Research projects

Research activities conducted by the Growing New Zealand Businesses (GNZB) research group.

Research design

Adapting the University of Cambridge Centre for Business Research (CBR) methodology, roughly 10,000 New Zealand manufacturing and business service businesses (high tech and non-high tech), stratified by industry and size, took part in the survey in late 2010. Partner institutions, the University of Cambridge and the University of Queensland, are also carrying out the survey using a standard platform of at least 80 per cent of the questions, with some customisation for country-specific circumstances.

The University of Cambridge Centre for Business Research has over the past 19 years, developed and refined the referent survey. It is recognised as the leading survey of its kind in the UK: the Financial Times has described it as a:

“Valuable source of material for organisations which provide services to business and policy makers both in the private and public sectors.”

Many of the questions were successfully used by the Principal Investigator in a comparative UK-Japan study of entrepreneurs in high tech businesses (published as Comparative Entrepreneurship: The UK, Japan and the Shadow of Silicon Valley by Oxford University Press, 2009), where the combined survey and interview methodology was developed.

The survey directly generated a large number of variables from 40 questions. Questions are arranged under five broad topics that focus on:

  • General characteristics of the business.
  • Innovation activities.
  • Competitive situation and collaborative activities.
  • Finance.
  • Growth aspirations, family business characteristics, and succession planning.

From the survey, a sub-sample of at least 30 businesses will be selected for in-depth interviews. This group will include a range of businesses, designed to explore and contextualise issues raised by the survey. The aim of the combined methods approach is to explore in greater depth patterns suggested by the survey. Interviews will also explore how owner-managers perceive their environment, aspirations, opportunity and constraint perceptions, what growth means to them, and how they innovate and compete. Moreover, the study will allow for cross-country and within-country comparisons, for example, family businesses versus non-family businesses, permitting a better understanding of the distinctive features and challenges of NZ SMEs.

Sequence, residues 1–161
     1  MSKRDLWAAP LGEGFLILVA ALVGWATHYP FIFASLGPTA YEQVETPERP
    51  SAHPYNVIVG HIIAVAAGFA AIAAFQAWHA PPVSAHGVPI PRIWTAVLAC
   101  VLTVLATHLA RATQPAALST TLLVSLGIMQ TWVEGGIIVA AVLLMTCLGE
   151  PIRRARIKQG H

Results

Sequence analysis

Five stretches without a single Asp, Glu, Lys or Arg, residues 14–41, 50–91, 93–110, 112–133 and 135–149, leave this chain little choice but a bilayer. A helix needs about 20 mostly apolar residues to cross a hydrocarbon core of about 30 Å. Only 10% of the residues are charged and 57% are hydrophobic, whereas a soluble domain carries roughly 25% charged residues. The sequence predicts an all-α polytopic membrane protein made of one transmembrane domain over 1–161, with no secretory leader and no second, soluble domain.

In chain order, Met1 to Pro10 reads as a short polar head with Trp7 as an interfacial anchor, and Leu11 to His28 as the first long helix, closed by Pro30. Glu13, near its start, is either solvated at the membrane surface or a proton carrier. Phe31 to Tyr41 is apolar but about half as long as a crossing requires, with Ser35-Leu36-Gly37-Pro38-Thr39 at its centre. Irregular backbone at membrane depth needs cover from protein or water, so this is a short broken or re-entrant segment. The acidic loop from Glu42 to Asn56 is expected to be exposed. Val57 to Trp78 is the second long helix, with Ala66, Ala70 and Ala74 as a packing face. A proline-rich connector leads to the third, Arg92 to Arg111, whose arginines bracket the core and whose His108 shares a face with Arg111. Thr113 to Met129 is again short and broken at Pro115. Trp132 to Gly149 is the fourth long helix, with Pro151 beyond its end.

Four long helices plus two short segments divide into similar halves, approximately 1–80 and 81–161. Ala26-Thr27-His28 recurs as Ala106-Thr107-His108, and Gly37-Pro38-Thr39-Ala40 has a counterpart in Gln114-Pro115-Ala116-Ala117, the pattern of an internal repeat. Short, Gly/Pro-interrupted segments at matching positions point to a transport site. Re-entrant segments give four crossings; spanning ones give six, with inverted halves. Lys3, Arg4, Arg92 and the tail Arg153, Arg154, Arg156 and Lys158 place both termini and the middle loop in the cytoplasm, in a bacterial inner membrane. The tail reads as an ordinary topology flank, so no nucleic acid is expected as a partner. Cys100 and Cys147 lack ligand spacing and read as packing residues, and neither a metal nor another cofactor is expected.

While large-scale comparative surveys are common in some disciplines, this is not the case for SME and entrepreneurship research. The Global Entrepreneurship Monitor (GEM) Consortium has data from over 30 countries, including New Zealand, but critics argue that it uses a simplistic questionnaire, as well as a contentious view of entrepreneurship. New Zealand still lacks a survey of the stature of the University of Cambridge CBE SME survey used in the UK.

Sample framework

A sample of roughly 10,000 New Zealand manufacturing and business service businesses (high tech and non-high tech), stratified by industry and size was used for the survey. It was drawn from independent limited liability companies, sole proprietorships or partnerships, targeting 50% manufacturing and 50% business services. Size bands follow those of the Ministry of Economic Development’s “SMEs in New Zealand: Structure and Dynamics 2009” Seventy percent were from the Auckland region and thirty percent from the rest of the country.


The survey is funded initially by the ICEHOUSE-UABS Collaborative Research Fund, the University of Auckland Business School's Faculty Research Development Fund, with support from the Institute for Technology, Enterprise and Competitiveness (ITEC), Doshisha University.